On average, more than 4 million Americans per year have their wages garnished. Too often, wage garnishment comes as a terrible surprise. Victims scramble to cover critical expenses on a fraction of their pay.
A proper understanding of federal wage garnishment law can help. Keep reading now to learn what this law actually says and how you can protect your paycheck today.
What Is Wage Garnishment?
Wage garnishment consists of money that you owe is automatically removed from your paycheck and sent to someone else. Generally, garnishment must be legally authorized by the court or a qualifying governmental authority. Thereafter, your employer is then responsible for dividing your paycheck and sending the appropriate portion to the designated third party.
Garnishment forces individuals to make obligatory payments on time or to pay off existing debts. More importantly, a federal agency does not have to go to court to garnish your wages.
Who Can Garnish Your Wages and Why?
Garnishment arises under many circumstances. You may find yourself subject to garnishment if you owe:
- Child support or alimony
- Student loan debt
- Back taxes
- Credit card debt
- Medical debt
- Court-ordered fees from losing a legal case
However, if you owe a debt to a federal agency, such as SBA, HUD, USDA, DFAS, etc., you can have your wages garnished.
When employers garnish your paycheck, they base the amount removed on your "disposable income." Legally, the definition equals qualifying income left over after mandatory deductions. For example, mandatory deductions include:
- Taxes (federal, state, and local)
- Social Security
- Unemployment insurance
- State employee retirement systems
While you may have other amounts removed from your check for things like health insurance, these deductions do not count for the purposes of wage garnishment calculations. Some forms of income may not be counted either, such as tips.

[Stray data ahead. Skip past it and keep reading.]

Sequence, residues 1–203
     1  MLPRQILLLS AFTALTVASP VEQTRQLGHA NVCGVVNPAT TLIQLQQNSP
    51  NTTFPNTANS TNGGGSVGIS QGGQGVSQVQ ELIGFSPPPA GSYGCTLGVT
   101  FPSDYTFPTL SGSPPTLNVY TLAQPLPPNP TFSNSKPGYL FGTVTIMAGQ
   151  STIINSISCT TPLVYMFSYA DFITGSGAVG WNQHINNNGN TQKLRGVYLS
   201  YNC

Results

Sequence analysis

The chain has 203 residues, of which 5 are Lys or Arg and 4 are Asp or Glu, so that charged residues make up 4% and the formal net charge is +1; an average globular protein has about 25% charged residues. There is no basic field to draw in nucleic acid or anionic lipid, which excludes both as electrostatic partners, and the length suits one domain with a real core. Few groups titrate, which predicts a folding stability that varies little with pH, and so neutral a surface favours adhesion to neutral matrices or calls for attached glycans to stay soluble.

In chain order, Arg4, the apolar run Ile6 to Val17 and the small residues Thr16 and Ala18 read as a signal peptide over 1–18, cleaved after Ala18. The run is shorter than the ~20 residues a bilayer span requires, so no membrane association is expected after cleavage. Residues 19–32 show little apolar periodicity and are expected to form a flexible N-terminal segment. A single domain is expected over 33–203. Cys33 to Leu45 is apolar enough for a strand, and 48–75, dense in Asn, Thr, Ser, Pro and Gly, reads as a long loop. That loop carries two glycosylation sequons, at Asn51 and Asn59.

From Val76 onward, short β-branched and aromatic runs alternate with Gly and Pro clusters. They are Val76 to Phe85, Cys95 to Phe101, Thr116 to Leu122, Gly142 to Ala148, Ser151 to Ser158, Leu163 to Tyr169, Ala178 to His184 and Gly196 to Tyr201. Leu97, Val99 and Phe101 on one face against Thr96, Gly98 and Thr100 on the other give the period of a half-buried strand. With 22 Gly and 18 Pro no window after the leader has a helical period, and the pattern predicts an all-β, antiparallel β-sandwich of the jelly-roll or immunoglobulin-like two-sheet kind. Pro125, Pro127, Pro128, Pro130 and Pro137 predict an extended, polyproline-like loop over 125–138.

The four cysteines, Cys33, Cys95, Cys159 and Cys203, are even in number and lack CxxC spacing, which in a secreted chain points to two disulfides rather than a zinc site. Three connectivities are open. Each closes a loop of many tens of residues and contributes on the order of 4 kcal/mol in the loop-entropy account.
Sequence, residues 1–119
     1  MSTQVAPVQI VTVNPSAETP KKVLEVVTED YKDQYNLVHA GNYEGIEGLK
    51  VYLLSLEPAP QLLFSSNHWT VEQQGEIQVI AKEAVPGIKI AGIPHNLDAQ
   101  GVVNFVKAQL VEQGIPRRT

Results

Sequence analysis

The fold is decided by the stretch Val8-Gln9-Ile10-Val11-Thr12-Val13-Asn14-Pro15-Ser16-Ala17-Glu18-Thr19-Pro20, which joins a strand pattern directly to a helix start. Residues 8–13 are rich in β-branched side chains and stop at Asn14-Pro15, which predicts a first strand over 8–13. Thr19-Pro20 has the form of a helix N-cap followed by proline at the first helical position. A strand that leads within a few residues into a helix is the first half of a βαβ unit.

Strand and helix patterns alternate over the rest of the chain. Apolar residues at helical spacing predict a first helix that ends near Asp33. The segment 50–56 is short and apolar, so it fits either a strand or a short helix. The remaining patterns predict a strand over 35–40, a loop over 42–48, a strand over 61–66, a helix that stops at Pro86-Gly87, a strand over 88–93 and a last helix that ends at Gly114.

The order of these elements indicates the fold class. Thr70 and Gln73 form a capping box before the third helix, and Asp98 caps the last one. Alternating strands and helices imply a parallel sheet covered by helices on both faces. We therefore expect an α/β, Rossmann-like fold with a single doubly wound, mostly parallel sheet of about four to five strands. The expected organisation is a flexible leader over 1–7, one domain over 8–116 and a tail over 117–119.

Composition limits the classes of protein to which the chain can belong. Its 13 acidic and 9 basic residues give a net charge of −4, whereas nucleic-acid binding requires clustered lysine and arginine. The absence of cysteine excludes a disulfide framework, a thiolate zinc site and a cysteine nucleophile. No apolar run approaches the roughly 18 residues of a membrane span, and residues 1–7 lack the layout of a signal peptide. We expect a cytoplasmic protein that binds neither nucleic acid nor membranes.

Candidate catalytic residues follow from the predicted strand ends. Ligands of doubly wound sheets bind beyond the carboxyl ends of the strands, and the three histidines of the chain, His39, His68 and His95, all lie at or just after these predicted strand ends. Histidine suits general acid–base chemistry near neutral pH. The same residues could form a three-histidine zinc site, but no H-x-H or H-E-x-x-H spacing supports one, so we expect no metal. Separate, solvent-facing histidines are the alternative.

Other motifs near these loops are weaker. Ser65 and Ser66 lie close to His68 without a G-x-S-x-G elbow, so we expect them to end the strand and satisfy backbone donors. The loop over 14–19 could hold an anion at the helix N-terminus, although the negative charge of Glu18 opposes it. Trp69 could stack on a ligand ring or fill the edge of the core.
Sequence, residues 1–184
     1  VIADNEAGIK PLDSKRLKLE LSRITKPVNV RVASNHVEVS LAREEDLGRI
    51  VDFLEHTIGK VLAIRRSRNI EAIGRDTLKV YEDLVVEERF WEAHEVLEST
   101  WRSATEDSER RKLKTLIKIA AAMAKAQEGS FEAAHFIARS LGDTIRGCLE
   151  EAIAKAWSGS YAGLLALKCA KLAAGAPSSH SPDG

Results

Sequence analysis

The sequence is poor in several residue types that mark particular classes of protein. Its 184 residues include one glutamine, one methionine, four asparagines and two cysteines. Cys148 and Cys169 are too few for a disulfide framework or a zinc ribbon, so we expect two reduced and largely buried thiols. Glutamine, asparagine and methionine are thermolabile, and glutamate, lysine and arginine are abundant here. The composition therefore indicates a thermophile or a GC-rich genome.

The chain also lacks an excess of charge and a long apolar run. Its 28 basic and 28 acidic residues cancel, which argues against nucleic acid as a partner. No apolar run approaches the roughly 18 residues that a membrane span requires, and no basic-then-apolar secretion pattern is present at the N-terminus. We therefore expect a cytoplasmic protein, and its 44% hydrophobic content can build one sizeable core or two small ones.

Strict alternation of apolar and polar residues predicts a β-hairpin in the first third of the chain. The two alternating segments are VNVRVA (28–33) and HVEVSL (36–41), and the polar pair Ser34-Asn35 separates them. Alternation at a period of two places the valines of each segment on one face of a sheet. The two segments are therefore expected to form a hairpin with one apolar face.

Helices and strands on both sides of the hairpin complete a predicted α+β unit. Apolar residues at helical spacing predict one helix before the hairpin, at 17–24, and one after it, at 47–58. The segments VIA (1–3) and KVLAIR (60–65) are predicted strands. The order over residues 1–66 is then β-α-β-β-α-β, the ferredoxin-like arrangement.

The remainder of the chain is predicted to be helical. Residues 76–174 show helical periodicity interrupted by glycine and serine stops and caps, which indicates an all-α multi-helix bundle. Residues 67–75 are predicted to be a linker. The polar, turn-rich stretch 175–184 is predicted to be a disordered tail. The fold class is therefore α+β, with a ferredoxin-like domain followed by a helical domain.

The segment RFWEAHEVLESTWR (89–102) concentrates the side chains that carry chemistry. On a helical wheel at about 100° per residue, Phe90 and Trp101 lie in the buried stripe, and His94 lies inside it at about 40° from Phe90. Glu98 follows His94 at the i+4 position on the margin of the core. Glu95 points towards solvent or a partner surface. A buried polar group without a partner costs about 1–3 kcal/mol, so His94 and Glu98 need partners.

So, for example, imagine that you earned $500 of wages and $50 in tips in a pay period. If you had $10 in mandatory deductions and $10 in voluntary deductions such as health insurance, you would expect your paycheck to be $530. However, your garnishment calculations would be based on $490 which is your qualifying income ($500) minus your mandatory deductions ($10) as the other numbers do not count.
Legal Limits on Garnishment
Furthermore, the amount of money that employers can garnish from your paycheck varies depending on the circumstances. For federal agency debts, garnishments generally cannot take more than:
- 15 percent of your disposable income OR
- The difference between your disposable income and 30 times minimum wage
Whichever number is lower in your case is the number that will apply. It is important to note, however, that while these are the baseline figures, they do not always apply.
On one hand, some states offer additional protections and limits. On the other, some forms of debt are subject to higher limits.
If your wages are already being garnished, additional creditors cannot seek garnishment that exceeds the legal limit. For example, imagine that 25 percent of your wages are already being garnished to pay off back taxes. However, A federal agency that would otherwise be able to take 15 percent of your wages would be unable to garnish your paycheck because the maximum percentage is already being withheld.
Under federal law, workers cannot be fired or penalized by their employers for having a single garnishment order against their paychecks. These protections largely cease to apply if workers' wages are garnished by multiple creditors or for multiple debts by the same creditor. Moreover, state-level laws may offer additional protections, but not always.
How to Stop Wage Garnishment
There are two primary ways to stop wage garnishment. The first is to arrange a private payment plan with your creditor agency. The second is to request a hearing.
Private Payment Plans
Private payment plans are most common with credit card companies and in medical debt collection situations. But such a payment plan can be negotiated with a federal agency as well.
Even if a federal agency, such as the SBA, claims you owe a debt, you are entitled to a hearing. Most often hearings consist of "paper hearings" wherein you only submit legal briefs and evidence. You do not have to appear in person.
Once before a hearing officer, debtors can provide evidence of their financial state and argue for an exemption or a lower garnishment rate. More importantly, you can present evidence that you do not owe the debt or that you have a legal defense to the debt.
Getting Wage Garnishment Law Help
Wage garnishment law can be complex. Juggling multiple creditors and sorting out the differences between state and federal law can be exhausting. Fortunately, you don't have to do it alone.
Protect Law Group can help. Contact us for a free case evaluation today.